STEP 5

Display or hand out a copy of the lyrics so that students can see where their words appear in the song and check new vocabulary if necessary.

STEP 6

Put students in pairs and assign each pair two lines of the song. Tell them that they are going to think about images to include in a video for the song. What images will they include to illustrate their two lines? Encourage them to use the lines as a starting point. It isn’t enough to say “Some green trees and red roses.” (Describe the trees. Where are they? Any people? Who are they? What are they doing? etc.)

STEP 7

Give them a few minutes to come up with some ideas and then ask each pair to tell the rest of the class what images they agreed on.

STEP 8

Now play the video so that students can compare their images with the ones used in the video. How many can they remember? You could do this as a competition: put students in groups and get them to write down as many animals / geographical features as they can. Award two points for words they know in English and one point for words in their own language.

STEP 9

Finish off by choosing some questions for students to discuss from these teflpedia pages: Animals, Animal Rights, The Environment.


Giraffe Fight

 

MAIN ACTIVITIES Visualization, speaking, gap fill, vocabulary acquisition, prediction.

SUITABLE FOR Teens and adults, Pre-Advanced (B2.2) and above

TEACHER’S NOTES  (Click here for a pdf of the Teacher’s Notes.)

STEP 1

Tell students that they are going to listen to something with their eyes closed. After listening, they tell a partner about the images they visualized. Who did they see? Where? What were they doing? Why? etc. Play from 00:25 to 01:02 (sound only).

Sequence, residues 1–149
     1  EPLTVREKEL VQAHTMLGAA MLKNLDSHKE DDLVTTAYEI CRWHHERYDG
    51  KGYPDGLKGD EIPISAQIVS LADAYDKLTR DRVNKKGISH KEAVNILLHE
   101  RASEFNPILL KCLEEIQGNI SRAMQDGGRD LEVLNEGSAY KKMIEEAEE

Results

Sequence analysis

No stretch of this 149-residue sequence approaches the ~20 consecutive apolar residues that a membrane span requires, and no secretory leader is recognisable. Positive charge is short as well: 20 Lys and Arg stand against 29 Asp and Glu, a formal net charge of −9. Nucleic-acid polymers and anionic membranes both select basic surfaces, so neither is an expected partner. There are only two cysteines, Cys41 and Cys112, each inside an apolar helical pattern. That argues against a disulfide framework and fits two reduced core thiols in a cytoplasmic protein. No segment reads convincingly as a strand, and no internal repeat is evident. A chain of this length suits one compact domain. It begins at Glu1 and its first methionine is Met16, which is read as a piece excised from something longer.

http://www.liveleak.com/view?i=390_1358091241

STEP 2
Students tell each other what they visualized in as much detail as possible. Ask a couple of students to tell the rest of the class what they talked about. Did most people have similar ideas?

STEP 3
Play the clip again, this time with both sound and images. Students (in pairs) answer the questions in step 1 based on what they saw. (Two male giraffes are going to fight over a female in the African desert.)

STEP 4
Tell students that they are going to read a description of the fight. Display or give them a copy of the script. They read it quickly and say which word which is out of place.

STEP 5
Now they work together to replace the word banana** with another word (a different one for each banana).

STEP 6
Play the video from 01:05 to 03:23 so that students can compare what they wrote with the words used in the documentary. (rival, chance, blows, desert, fight, legs, reign)

STEP 7
Students vote on which giraffe will win – the old bull or the young rival. Play the clip until 04:35 and ask how the the old giraffe won (He ducked and aimed a blow at his rival’s underbelly). Tell students that the young giraffe didn’t die; he was just knocked out.

STEP 8

Say that the clip comes from the first episode of the BBC series Africa, and encourage those who like nature programmes to look for more David Attenborough documentaries and watch them in English. If you have a class wiki, students can look for nature clips on YouTube, upload them and comment on each other’s choices.
** The banana idea comes from this post about different ways to do a gap fill / cloze on David Petrie’s blog.